1 Furthermore, my wife will be the first to tell you this blog does not represent my personality. (She is going to be pissed she is a footnote!)

Tuesday, July 12, 2011

Author's Note from "Shadows Beyond the Flames."

Author’s Note I: You Really Should Read This First

My wife once asked, “Could you write a story with a happy ending?” She was reading the first draft of Victim at the time while I was scanning the pages of Asimov’s Science Fiction. After a moment of contemplation, I came to the conclusion that writing happy stories might be impossible for me. Shrugging, I answered her question the best I could. “Sometimes Always was suppose to be an uplifting story of a father reminiscing about his daughter." But even that story
clings to its fair share of death and murder. I deserved every bit of eye rolling in regard to my lame defense. The Groaning Attic is perhaps the only story I’ve written that comes anywhere close to a happy resolution.

Many of the stories contained within this volume are filled with folks being maimed, dying, and having an all around frightening time. Yes, there is some humor, but don’t expect much. When I write, I tend to go to the dark places, the places that send me scrambling under the blankets late at night. Don’t ask why because I don’t have an answer for you. I’ll let you know once I figure it out for myself. I do know, however, I’m not alone in my desire to look into the darker side of life. The proliferation of horror and dark fantasy books, magazines, fanzines, and ezines are proof enough I’m in good company. So if you are timid or loath the ominous sounds in the night, then these stories are not for you. Don’t worry. This probably means you are well adjusted. (Hopefully you bought a paper copy so you can take it down to the used bookstore, and get something useful out of this volume.) If your passions are similar to mine, then you are about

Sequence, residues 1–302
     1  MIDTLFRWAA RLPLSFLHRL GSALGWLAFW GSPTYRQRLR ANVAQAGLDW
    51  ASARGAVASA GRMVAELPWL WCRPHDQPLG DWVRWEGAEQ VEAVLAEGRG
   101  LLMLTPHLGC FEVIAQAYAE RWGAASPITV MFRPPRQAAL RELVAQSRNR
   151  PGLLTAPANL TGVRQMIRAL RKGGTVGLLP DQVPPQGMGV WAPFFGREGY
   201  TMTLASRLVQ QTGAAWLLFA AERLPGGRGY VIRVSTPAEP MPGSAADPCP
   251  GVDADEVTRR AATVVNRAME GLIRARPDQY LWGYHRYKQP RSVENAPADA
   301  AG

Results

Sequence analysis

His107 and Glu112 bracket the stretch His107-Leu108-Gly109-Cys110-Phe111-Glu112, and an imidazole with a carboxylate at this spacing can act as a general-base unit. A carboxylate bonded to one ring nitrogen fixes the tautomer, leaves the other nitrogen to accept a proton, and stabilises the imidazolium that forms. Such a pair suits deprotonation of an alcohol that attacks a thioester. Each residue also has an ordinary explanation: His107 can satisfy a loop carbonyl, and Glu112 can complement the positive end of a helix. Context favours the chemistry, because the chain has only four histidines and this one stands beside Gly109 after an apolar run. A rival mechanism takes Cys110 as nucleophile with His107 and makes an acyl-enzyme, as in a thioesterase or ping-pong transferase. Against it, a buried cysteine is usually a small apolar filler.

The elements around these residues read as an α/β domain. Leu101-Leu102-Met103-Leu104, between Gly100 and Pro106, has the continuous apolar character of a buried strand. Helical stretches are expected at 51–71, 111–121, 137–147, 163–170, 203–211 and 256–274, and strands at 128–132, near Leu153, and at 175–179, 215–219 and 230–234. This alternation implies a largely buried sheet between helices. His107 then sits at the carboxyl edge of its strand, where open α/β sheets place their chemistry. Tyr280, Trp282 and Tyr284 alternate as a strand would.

to embark on a series of adventures that will not disappoint. I enjoyed writing these stories, and I’m arrogant enough to say you will enjoy reading them.
A helpful hint for those who insist on continuing from here: The worse of the gore is found in the first short story, The Manual. Please proceed on from here as you see fit.

Monday, July 4, 2011

About "Shadows Beyond the Flames and Other Stories"

J. M. Tresaugue’s Shadows Beyond the Flames and Other Stories proves he is a versatile writer. His stories span science fiction, fantasy, horror, revenge, and the plain strange with social commentary thrown in for kicks.

Shadow Beyond the Flames Cover Art